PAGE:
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Could Pepsi NEXT success lift stevia from zero to (mid-calorie) hero?

By Ben Bouckley , 03-Aug-2012
Last updated on 03-Aug-2012 at 16:58 GMT

With an industry consensus forming that stevia can only offer a 50% calorie reduction in soft drinks, the US success of mid-calorie cola Pepsi NEXT could silence some of the sweetener’s critics, says one analyst.

Diana Cowland, health and wellness analyst at Euromonitor International wrote in a recent blog: “If the success of PepsiCo’s Pepsi Next – a mid-calorie drink – in the US is replicated in Europe, we are likely to see more reduced-calorie rather than zero-calorie soft drinks introduced.”

With disputes ongoing about the best sucrose/stevia balance needed to create the best taste profile, given liquorice-like aromas and a bitter after-taste , Cowland said growers such as Sweet Green Fields, and firms such as PepsiCo and Coca-Cola, had decided only a 50% calorie reduction was possible.

Sugar - the unhealthy macronutrient?

Cowland told BeverageDaily.com: "Sugar is, to some extent, now seen as the most unhealthy macronutrient. This is particularly advantageous to categories such as RTD tea and juice.

"But if stevia-sweetened products continue to gain interest amongst consumers and we witness more product launches, it is likely that further R&D will improve the taste profile of stevia, and therefore continue to reduce the calorie content of stevia-sweetened beverages."

After noting the 50% calorie reduction threshold, Cowland then referenced the success of Pepsi NEXT, which PepsiCo launched in the States on February 27. (From an editorial standpoint it’s worth noting that the jury is still out on the drink’s long-term prospects).

She said: “[T]he success of PepsiCo’s Pepsi NEXT in the US should ward off some critics. As Pepsi NEXT is sweetened with high fructose corn syrup, aspartame, sucralose and acesulfame K, no doubt manufacturers would see some success if they used stevia to replace this cocktail of high-intensity sweeteners.”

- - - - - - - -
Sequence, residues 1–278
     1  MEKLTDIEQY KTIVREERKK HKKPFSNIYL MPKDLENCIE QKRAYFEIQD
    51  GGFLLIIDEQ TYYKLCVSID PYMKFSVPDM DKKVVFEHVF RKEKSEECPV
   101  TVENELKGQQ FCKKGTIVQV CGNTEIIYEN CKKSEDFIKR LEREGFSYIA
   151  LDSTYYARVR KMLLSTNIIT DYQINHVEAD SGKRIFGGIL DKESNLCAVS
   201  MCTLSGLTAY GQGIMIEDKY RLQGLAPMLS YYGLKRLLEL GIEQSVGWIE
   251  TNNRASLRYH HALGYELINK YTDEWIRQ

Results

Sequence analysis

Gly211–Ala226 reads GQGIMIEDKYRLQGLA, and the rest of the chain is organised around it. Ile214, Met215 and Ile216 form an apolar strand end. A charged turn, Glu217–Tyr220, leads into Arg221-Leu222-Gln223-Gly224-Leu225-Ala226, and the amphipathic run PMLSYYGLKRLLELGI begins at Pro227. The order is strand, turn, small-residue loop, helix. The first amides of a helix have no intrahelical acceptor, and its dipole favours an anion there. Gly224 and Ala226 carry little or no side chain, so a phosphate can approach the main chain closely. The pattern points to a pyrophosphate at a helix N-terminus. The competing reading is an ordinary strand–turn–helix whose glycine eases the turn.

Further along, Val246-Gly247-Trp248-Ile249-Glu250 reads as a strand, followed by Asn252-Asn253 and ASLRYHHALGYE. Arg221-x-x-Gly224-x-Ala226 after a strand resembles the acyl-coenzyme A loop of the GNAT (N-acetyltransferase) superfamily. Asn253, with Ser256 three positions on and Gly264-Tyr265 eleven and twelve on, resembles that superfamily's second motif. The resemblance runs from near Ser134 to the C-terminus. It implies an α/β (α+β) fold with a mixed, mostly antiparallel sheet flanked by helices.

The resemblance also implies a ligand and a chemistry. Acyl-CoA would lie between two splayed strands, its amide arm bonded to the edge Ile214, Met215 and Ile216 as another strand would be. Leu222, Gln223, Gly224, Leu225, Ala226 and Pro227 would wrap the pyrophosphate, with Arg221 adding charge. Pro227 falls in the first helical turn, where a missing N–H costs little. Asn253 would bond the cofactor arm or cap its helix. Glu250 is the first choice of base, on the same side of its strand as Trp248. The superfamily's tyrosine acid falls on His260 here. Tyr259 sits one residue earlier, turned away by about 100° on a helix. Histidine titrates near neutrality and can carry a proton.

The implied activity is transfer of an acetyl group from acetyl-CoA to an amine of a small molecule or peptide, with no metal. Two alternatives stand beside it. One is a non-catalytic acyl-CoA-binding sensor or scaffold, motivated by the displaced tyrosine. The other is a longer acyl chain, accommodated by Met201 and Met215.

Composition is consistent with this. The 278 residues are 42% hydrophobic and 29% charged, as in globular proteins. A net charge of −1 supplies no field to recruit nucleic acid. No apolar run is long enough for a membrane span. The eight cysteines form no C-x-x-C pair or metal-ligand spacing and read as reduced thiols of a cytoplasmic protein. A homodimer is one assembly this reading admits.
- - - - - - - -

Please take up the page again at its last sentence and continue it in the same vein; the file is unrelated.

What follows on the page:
Dairy and RTD prospects

Coke was doing just that, Cowland said, gearing-up to debut stevia-sweetened versions of Sprite and Fanta in the US this summer with 50% fewer calories.

“It is likely that Coca-Cola will see stronger sales than those of its rival PepsiCo as the natural angle is sure to capture of more consumers,” she added.

Meanwhile, RTD green teas (absolute value growth of $1.3bn from 2006-2011 driven by a growing Asia-Pacific population and the Middle East) and dairy drinks flavored with fruit juice could offer new stevia opportunities, Cowland said.

“Perhaps the next step after soft drinks will be a crossover into flavored milk drinks, particularly those flavored with fruit juice, which are set to enjoy absolute value gains of $2.3bn globally over 2011-2016.”

She added: “As milk is regarded as a natural and healthy product, the addition of stevia could help to promote its health-related attributes by reducing the sugar content.”

Cowland also discussed stevia-based drinks launches since December 2008 (when it gained Food and Drug Administration food additive approval) and European Commission approval of the sweetener from December 2011.

Slow takeoff in EU?

Market moves had been “somewhat slow” to occur since stevia was permitted in the EU, Cowland said. For instance, in France, the only stevia drinks remained Coca-Cola’s Fanta Still, Nestea and Sprite.

Yet Cowland noted recent Nestea stevia launches in 2012, in the Czech Republic, Austria, Greece, Italy, Poland, Slovakia and Slovenia in July, and the Benelux countries and Germany in Q4.

Since 2008, when PepsiCo first started using stevia in US sports drink SoBe V, Cowland said the brand had steadily lost market share: off-trade sales fell from 431m liters in 2007 to 318m liters in 2011.

"Reformulation to include stevia, and therefore lower the calorie content, will not necessarily lead to a growth in sales or immediately change consumer’s opinions about a product. It is, however, important to consider that stevia will slightly alter the taste of a product," Cowland told this publucation.

Stevia success stories

However, she noted that after adverse publicity in summer 2011 due to high sugar levels, PepsiCo chose to reformulate SoBe V and launch the UK’s first stevia-sweetened soft drink in April 2012.

“This coincides with the marketing push for sports drinks before the 2012 London Olympics, but is it just a short-term sell?” she asked, adding that where PepsiCo led, other firms were bound to follow.

So could Cowland identify any runaway stevia-based success stories so far in the global beverage arena?

She told BeverageDaily.com: "The main success story has been Trop50 in the US which, in 2011 had retail sales of $160m, three years after being launched onto the market. However, Yakult Light, launched in July 2012 in the US, is sweetened with stevia with a 40% reduction in calories. It will be interesting to see how this product fairs on the market."

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